Is Will Ferrell past the point of no return?

Judging from his work in 2015 — including the new movie, Daddy’s Home — Ferrell may be entering the Chevy-Chase-in-Funny-Farm career spiral.

Ferrell and Wahlberg
Will Ferrell and Mark Wahlberg Daddy’s Home

A-list comedy careers don’t last forever. Most actors who rise to toplining major comedies get about 10 or 15 years of solid, two-film-a-year work before a reinvention is required.

It’s been about a decade since Will Ferrell became a major comedy star, but his work in the last couple of years points to a certain exhaustion of the formula. Both of Ferrell’s starring vehicles this year (the other one being the prison comedy Get Hard) feel not only familiar but like they already exist — if you were to run down a quick summary of Daddy’s Home without telling someone the title or who’s in it, it would be conceivable for that person to assume they’ve already seen the movie. Familiarity doesn’t necessarily spell doom for a comedy premise, but it does bank on a certain laziness that’s pretty prevalent in Daddy’s Home, Ferrell’s reunion with Mark Wahlberg after the success of the (superior) 2010 buddy cop comedy The Other Guys.

Ferrell plays Brad Whitaker, an exec at the #3 smooth-jazz station in the U.S. Brad has always dreamed about becoming a dad, but an unfortunate incident at the dentist left him unable to conceive. He’s married to Sarah (Linda Cardellini), who has two children from a previous marriage. Try as he might, the uber-dorky Brad doesn’t get much love from his stepchildren, who still call him Mr. Whitaker and draw pictures of him with a knife in his eye and a pile of hobo poop on his head. Further complicating this is the return of their biological dad Dusty (Wahlberg), an ultra-manly, motorcycle-riding, donkey-dicked soldier of fortune who returns from parts unknown with the intention of winning back the affections of both his children and his ex-wife.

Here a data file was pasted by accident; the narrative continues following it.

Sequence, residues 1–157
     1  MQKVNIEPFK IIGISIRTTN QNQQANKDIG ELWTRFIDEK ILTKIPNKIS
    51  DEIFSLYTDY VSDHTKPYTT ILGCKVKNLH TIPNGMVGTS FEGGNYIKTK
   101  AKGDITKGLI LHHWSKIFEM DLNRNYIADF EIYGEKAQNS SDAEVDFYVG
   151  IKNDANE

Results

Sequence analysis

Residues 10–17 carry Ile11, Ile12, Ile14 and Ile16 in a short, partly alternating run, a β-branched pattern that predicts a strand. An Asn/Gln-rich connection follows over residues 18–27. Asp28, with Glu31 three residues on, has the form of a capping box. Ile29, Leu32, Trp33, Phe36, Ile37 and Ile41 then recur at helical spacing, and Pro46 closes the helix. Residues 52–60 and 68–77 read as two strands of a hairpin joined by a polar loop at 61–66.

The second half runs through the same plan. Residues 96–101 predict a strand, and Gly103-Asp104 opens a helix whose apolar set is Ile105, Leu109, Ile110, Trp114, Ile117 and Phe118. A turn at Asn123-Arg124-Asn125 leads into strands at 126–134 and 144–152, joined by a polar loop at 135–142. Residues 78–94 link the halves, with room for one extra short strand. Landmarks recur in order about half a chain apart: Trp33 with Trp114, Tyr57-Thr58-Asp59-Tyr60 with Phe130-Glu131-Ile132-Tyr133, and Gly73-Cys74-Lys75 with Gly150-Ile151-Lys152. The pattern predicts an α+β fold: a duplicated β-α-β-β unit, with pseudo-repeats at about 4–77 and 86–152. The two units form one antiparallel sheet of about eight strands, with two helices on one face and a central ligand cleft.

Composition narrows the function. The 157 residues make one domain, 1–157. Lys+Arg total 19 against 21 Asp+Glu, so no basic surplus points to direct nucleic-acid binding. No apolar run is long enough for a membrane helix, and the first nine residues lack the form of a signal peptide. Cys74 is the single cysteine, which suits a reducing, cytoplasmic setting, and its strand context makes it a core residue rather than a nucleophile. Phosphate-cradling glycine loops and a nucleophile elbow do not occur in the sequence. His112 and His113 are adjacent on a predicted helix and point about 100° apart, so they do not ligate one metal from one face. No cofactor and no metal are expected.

Daddy's Home Ferrell & Wahlberg

Daddy’s Home recycles the dynamic of The Other Guys by making Ferrell the almost supernaturally dorky, perpetually-on-the-verge-of-tears beta to Wahlberg’s supremely confident, leather-clad alpha. It’s a recipe that works because the leads are so comfortable in those roles, but it’s also one I’ve seen so often at this point that none of it is particularly surprising. It doesn’t help that, unlike The Other Guys, Daddy’s Home is a much more static film; there is no inherent action to the premise, so the filmmakers simply build a series of silly set pieces in which the actors get to do the things we expect of them. Daddy’s Home almost never defies expectations. The few moments it does — including a hilarious scene between Ferrell and Hannibal Buress as Wahlberg’s buddy / Ferrell’s improvisational houseguest — are really the film’s best moments. It feels a bit like a career victory lap, an exercise in giving the people what they want without asking them if they want it.

But, of course, no one gives a shit about the structure of a movie like Daddy’s Home: they care if it’s funny. The film certainly has its moments, but they almost always come from interactions outside of the central relationships. Buress gets many of the film’s biggest laughs because he functions exactly as the unpredictable force that’s lacking from both of those guys. Unlike many movies of this kind, Daddy’s Home actually gets better in the third act where every little character trait and reveal of the first two acts ultimately pays off in a climatic scene that’s actually kind of heartwarming and definitely funny — but way too much of the film involves Ferrell wiping out in some slapstick manner (riding a skateboard into electrical wires, for example, or destroying most of his home on Wahlberg’s out-of-control Harley) and writhing around in pain.

A major movie studio would never make a movie where Mark Wahlberg plays the ineffectual wimp against a macho blowhard that looks like Ferrell; the poster would be too confusing, the trailer wouldn’t test well, audiences would not be particularly enthused, but it would be the only actual way to subvert this already-mothballed film. Daddy’s Home is Ferrell slowly but surely moving towards the Chevy-Chase-in-Funny Farm part of his career, the one made of cookie-cutter vehicles that exist only to plumb the depths of the familiar. It’s not terrible, but it’s not a good sign of things to come. ■

Daddy’s Home opens in theatres on Friday, Dec. 25. Watch the trailer here: